Philip Hammond has suggested he is prepared to vote to bring down a Boris Johnson government should the likely new prime minister push for a no-deal Brexit.
In an outspoken intervention days before Johnson is expected to win the keys to Downing Street, the chancellor said it was “absolutely necessary” for the UK to extend its EU membership beyond 31 October.
Asked whether he would rule out voting in favour of a no-confidence motion against Johnson, Hammond told Le Monde and Süddeutsche Zeitung: “I will take steps to avoid an exit without agreement apart from an explicit parliamentary approval.
“There should be a new and sincere attempt to reach a consensus. If we do not find a solution with the members, we may have to ask the British to give their opinion again, in one form or another.”
Asked again to rule out supporting a motion of no confidence, Hammond responded: “I do not exclude anything for the moment.”
The chancellor was one of four cabinet ministers who broke ranks with the government to abstain on a vote on Thursday, the result of which prevents Johnson from proroguing, or suspending, parliament in order to push through an exit from the EU without a deal.
He also reportedly encouraged others to vote to ensure that parliament continues to sit through September and October.
In his interview with the two media outlets, Hammond said he could not see any prospect of a successful negotiation with the EU before 31 October, when Johnson says the UK will leave, “do or die”.
He added that he did not think it a good idea to continue endlessly extending the UK’s membership of the EU to avoid no deal, but could not accept the economic damage that would be inflicted on leaving this autumn. The Office of Budget Responsibility warned this week that a no-deal Brexit would require an additional £30bn in government borrowing.
Hammond said: “In practice, extending the deadline is absolutely necessary. Between the summer break, the arrival of the new commission and the change of the British government, it is simply impossible to negotiate anything before October 31.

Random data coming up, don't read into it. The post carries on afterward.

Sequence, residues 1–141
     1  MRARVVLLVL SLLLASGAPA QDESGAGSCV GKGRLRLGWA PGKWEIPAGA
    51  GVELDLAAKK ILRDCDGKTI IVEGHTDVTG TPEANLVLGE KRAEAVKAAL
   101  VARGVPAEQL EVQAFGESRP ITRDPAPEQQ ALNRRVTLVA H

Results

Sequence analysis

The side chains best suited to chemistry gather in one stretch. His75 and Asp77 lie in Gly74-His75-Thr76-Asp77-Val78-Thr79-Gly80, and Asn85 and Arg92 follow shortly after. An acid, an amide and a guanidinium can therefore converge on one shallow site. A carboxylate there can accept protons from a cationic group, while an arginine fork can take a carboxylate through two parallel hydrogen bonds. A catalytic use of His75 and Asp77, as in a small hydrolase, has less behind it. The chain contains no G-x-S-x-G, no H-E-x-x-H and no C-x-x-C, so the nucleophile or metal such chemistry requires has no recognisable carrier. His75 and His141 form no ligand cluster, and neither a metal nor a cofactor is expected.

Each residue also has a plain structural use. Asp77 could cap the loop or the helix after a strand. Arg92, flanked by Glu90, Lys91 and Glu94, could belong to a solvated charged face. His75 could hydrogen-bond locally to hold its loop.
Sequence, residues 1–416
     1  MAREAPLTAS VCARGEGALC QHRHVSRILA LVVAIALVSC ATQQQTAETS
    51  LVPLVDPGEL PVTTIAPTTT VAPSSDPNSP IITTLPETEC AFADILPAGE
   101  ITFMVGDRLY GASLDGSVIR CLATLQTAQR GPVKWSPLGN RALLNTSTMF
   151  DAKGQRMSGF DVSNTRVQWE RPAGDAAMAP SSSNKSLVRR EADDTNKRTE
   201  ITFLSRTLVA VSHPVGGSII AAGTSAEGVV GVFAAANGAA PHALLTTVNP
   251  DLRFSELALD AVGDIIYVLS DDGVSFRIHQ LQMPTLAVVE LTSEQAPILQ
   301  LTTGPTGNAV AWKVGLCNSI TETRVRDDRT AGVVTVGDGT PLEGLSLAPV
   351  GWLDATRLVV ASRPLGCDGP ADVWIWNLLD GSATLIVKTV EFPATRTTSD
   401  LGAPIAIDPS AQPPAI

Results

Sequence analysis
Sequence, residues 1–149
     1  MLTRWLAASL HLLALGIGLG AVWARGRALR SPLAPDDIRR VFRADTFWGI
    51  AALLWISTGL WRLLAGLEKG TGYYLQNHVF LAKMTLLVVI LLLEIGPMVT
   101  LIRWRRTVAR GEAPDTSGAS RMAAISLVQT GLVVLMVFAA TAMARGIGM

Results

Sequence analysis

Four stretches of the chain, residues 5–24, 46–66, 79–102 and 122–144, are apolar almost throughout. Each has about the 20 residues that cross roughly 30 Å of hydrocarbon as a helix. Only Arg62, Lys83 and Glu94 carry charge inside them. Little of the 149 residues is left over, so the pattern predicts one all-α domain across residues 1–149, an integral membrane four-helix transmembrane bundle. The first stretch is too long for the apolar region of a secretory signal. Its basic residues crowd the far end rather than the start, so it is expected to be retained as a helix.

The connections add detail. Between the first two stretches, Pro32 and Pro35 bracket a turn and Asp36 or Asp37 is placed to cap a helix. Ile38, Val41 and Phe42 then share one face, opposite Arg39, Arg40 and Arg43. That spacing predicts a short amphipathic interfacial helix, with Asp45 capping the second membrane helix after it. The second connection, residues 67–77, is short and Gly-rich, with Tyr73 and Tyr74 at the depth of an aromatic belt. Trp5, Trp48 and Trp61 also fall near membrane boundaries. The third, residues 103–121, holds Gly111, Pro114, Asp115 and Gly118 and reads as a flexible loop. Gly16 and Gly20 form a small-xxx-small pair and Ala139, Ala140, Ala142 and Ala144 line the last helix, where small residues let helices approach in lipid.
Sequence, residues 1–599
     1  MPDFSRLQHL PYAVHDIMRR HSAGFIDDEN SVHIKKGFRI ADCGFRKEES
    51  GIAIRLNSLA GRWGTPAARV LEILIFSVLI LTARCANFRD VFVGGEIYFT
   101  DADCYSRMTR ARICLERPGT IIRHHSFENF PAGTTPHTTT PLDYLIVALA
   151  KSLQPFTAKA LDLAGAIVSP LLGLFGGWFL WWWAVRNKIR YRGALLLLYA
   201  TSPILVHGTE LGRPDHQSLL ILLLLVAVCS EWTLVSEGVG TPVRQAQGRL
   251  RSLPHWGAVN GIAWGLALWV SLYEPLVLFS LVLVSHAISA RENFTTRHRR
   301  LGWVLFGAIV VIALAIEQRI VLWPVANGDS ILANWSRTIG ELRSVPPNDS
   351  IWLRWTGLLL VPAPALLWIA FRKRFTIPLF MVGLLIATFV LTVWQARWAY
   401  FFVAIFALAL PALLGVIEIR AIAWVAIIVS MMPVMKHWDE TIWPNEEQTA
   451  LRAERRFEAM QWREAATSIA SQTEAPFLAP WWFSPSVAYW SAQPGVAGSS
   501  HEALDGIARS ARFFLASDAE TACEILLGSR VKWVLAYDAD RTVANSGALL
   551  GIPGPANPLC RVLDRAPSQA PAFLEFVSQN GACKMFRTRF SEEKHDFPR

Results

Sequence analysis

“If the next government is sincere in its desire to reach an agreement with Europe, it must try to get more time. If it does not, the British parliament will insist on getting a new postponement.
“I will remain a member of the House of Commons. I will do everything in my power from my position to make sure that parliament blocks a Brexit without agreement.”
There is little love lost between Johnson, a former foreign secretary, and the chancellor, who has despaired at the spending promises made by the leadership hopefuls and has refused to endorse either of the candidates.
“He is actually a more complex personality than it sometimes seems,” Hammond said of Johnson in his interview. “He is a mainstream conservative on all topics except Brexit. I very much regret his attitude to Brexit. His own story, which is multicultural, multinational and liberal, speaks for itself.”
But Hammond admitted he could understand the frustration in EU capitals at the state of the Brexit process “because some of my compatriots are deliberately noisy, rude and inconsiderate”.
“Some are trying to make the Europeans so tired that they ask us to leave,” he said. “But please, do not listen to the the few noise-makers.”
Hammond said that the expected exodus of companies from the UK had not yet happened but that he feared for a future in which the EU’s member states would “have the power” to establish heavy controls on UK goods coming to the continent.
“I hope there will be intense competition between European ports,” Hammond said. “I believe that the Belgian and Dutch ports are preparing for a fierce competition to take advantage of this commercial traffic.”
In the financial sector, the chancellor said there had yet to be an exodus from the City of London.
He said: “Some banks have moved a handful of their staff to the EU to deal with the situation. My concern is more about what will happen in a year or two if we do not reach an agreement with the Europeans. In this case, the European authorities will demand that risk control be strengthened and more capital relocated to the continent.
“For the rest, I am surprised that there is no debate in Europe about the risk that a large financial sector represents for taxpayers.
“In the United Kingdom, they had to pay £180bn to avoid the bankruptcy of the banks in 2008 and 2009. Do the Europeans really want to assume such a burden?”
Hammond added that the dropping away of financial activity in the City “could be a slow process”. “But it is not certain that this would benefit Paris or Frankfurt,” he said. “It is equally likely that US banks will repatriate their employees to New York and serve the European market from there.”